Can I get a little help over here? This is one area where bipartisanship should work pretty well.

Gretchen Laskas

Brian -- I don't disagree with you. Fighting the culture wars constantly is exhausting and dispiriting. But I'll be honest, I don't see any chance here in VA that it is likely to change any time soon. Let's be very cynical (and bipartisan) about it. It's about fundraising and voter turnout, for both sides.

That said, I'm all for any practical thing we can do to get along. I'm pro-choice, but after my son was out of the infant stage, I donated all of my baby supplies to a pregnancy crisis center. It would be nice if we talked about solving problems, but I'm not optimistic.

Meanwhile, I still think Dems need to win the election, and I also think that abortion is a viable (pardon the pun) discussion to have, no matter which side you're on.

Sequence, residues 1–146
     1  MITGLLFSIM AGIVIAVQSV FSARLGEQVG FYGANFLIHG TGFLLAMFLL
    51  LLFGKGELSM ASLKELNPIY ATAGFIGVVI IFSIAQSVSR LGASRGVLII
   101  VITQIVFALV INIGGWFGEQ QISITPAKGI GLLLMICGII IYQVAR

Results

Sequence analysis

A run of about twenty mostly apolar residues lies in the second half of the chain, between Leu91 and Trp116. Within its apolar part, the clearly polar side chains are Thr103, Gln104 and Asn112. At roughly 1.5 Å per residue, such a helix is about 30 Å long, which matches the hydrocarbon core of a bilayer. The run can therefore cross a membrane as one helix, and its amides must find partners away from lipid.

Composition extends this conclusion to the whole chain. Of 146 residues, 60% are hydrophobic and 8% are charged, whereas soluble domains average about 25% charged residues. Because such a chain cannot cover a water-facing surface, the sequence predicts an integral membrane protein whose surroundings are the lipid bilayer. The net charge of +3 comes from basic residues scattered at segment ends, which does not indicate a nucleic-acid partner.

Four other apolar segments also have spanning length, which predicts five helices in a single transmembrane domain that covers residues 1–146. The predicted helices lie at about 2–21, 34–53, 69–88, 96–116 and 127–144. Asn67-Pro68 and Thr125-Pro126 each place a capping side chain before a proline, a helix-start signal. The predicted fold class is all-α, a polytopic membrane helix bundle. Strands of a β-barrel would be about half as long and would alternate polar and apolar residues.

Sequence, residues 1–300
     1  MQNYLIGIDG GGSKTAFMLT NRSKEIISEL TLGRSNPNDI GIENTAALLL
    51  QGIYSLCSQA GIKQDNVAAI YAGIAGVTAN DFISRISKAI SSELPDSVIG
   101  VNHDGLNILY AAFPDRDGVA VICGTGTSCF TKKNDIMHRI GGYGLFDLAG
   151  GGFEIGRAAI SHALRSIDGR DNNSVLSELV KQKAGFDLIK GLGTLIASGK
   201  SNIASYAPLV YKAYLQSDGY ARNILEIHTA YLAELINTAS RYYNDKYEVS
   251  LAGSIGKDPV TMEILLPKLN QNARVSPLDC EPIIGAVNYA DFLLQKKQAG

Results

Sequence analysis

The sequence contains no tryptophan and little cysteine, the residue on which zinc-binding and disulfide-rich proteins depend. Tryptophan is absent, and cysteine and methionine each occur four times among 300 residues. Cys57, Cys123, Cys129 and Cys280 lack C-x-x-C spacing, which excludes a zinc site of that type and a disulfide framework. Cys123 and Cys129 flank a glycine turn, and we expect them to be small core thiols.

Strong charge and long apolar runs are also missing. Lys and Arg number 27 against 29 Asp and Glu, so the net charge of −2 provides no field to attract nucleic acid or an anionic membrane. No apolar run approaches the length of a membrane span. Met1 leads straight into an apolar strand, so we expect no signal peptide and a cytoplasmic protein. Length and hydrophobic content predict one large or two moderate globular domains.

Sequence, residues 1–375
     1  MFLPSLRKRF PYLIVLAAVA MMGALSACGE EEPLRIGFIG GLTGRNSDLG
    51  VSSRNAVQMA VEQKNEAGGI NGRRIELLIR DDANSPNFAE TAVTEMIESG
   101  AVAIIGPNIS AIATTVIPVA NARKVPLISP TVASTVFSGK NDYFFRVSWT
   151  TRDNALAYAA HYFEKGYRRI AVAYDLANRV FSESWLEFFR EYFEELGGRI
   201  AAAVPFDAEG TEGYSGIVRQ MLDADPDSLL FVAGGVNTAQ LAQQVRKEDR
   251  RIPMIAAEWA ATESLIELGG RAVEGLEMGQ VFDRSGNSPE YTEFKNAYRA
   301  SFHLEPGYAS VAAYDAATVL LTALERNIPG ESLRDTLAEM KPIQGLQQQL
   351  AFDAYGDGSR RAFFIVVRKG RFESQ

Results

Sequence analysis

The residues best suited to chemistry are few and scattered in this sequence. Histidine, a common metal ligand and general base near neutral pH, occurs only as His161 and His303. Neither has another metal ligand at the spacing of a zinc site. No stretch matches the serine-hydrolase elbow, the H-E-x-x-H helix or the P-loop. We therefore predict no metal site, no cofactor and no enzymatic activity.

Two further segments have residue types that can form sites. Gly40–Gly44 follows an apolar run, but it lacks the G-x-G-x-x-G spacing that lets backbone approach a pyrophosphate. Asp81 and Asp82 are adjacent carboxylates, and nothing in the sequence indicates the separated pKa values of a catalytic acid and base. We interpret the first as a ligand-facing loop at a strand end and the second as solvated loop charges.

Plus who can turn down the money and voter turnout?

(insert loop here)

Brian W. Schoeneman

Gretchen, for me, abortion is a luxury political issue - a luxury in that it's something to argue over when one has the time, but it's not something that can be resolved so it's really just an excuse to shout at someone you don't like.

Given the state of the economy, we don't have the luxury to be wasting time arguing abortion. We can do that when unemployment is low, the state's running a surplus, and it doesn't take me two hours to go 20 miles on 66.

I recognize the voter turnout and the money, but at some point we need to stop doing things that are unhealthy for democracy just because they are expedient. We have to start moving people to care about issue that matter again, not just issues that result in knee jerk emotional responses.

Both sides are guilty of it, both sides complain about it, but neither seems willing to stop the madness.